The experimental setup is illustrated in Figure 3(a). The system consists of two parts: an integrated optical flip-flop and an all-optical wavelength converter. The 80Gb/s transmitter is constructed by eight times multiplexing 10Gb/s 1.9ps optical pulses. The 80Gb/s data packets (1545.35nm) have a duration of 35ns, separated by 15ns of guard time. The optical flip-flop is an integrated InP/InGaAsP two-state coupled laser device,6 fabricated on an InP/InGaAsP wafer. The device has dimensions of 2.4×0.8mm, as shown in Figure 3(c).

The flip-flop has two possible states. In state 1, laser 1 is lasing, suppressing laser 2, so it outputs CW light at wavelength λ1 ( 1555.28nm). Conversely, in state 2, laser 2 is lasing, and the flip-flop outputs CW light at wavelength λ2 (1561.36nm). The state can be interchanged by injecting set or reset external optical pulses. The contrast ratio between the states is over 35dB. Moreover, the lasers operate in single mode. In Figure 3(b), the flip-flop dynamic operation is demonstrated by injecting external pulses with a duration of 3ns every 50ns in the dominant laser. It is clea from the lower traces in Figure 3(b) that the flip-flop regularly switches its state, and remains in its new state even after the set or reset pulse has vanished.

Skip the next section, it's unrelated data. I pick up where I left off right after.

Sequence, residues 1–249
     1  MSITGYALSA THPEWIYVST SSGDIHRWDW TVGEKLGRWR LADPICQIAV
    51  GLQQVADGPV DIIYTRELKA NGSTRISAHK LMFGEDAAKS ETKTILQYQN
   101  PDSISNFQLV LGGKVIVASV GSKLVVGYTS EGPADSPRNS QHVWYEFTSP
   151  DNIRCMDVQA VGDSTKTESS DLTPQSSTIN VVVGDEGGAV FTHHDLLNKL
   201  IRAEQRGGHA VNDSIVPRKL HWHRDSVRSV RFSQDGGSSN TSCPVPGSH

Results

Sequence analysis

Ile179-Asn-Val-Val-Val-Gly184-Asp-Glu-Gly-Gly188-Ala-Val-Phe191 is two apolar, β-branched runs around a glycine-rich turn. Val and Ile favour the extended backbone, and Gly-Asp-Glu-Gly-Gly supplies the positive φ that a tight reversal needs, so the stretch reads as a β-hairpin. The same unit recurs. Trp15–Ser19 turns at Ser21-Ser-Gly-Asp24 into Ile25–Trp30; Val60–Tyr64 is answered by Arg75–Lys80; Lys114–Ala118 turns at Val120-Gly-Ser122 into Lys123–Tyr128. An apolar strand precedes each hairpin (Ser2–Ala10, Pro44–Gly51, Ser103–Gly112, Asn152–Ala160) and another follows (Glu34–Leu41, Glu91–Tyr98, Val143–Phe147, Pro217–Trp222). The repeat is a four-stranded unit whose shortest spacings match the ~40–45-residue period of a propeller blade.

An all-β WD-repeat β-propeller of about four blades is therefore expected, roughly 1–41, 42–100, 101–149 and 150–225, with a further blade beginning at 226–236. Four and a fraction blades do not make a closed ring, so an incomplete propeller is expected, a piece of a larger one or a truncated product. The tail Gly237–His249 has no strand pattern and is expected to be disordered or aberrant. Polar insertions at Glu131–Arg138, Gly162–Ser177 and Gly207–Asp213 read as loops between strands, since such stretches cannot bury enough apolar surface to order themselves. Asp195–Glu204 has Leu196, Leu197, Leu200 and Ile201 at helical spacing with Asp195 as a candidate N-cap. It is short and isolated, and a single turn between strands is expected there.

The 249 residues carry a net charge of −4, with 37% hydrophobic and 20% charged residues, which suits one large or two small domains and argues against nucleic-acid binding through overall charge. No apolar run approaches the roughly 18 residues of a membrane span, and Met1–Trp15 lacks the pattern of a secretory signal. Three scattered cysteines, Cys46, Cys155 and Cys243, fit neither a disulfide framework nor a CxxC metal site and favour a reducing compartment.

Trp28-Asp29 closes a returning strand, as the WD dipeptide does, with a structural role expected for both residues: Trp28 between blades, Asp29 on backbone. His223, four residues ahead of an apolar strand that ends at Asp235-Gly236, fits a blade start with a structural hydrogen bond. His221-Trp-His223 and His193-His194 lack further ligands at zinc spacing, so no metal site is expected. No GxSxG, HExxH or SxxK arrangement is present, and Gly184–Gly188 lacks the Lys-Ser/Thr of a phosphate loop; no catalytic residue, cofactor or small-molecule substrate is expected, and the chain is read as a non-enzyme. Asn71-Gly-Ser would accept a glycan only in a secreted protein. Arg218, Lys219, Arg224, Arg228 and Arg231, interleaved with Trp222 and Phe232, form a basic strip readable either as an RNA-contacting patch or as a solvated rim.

The second part of the setup is a device that converts the wavelength of the data packet from the wavelength that outputs the flip-flop. The dashed box in Figure 3(a) shows the wavelength converter, which is constructed by using commercially available fiber-pigtailed components. This configuration allows error-free noninverted wavelength conversion at 160Gb/s.7 The output signal is analyzed either on a conventional oscilloscope or on a 700GHz optical sampling oscilloscope. Bit-error-rate (BER) measurements are carried out after demultiplexing the 80Gb/s signal to 10Gb/s.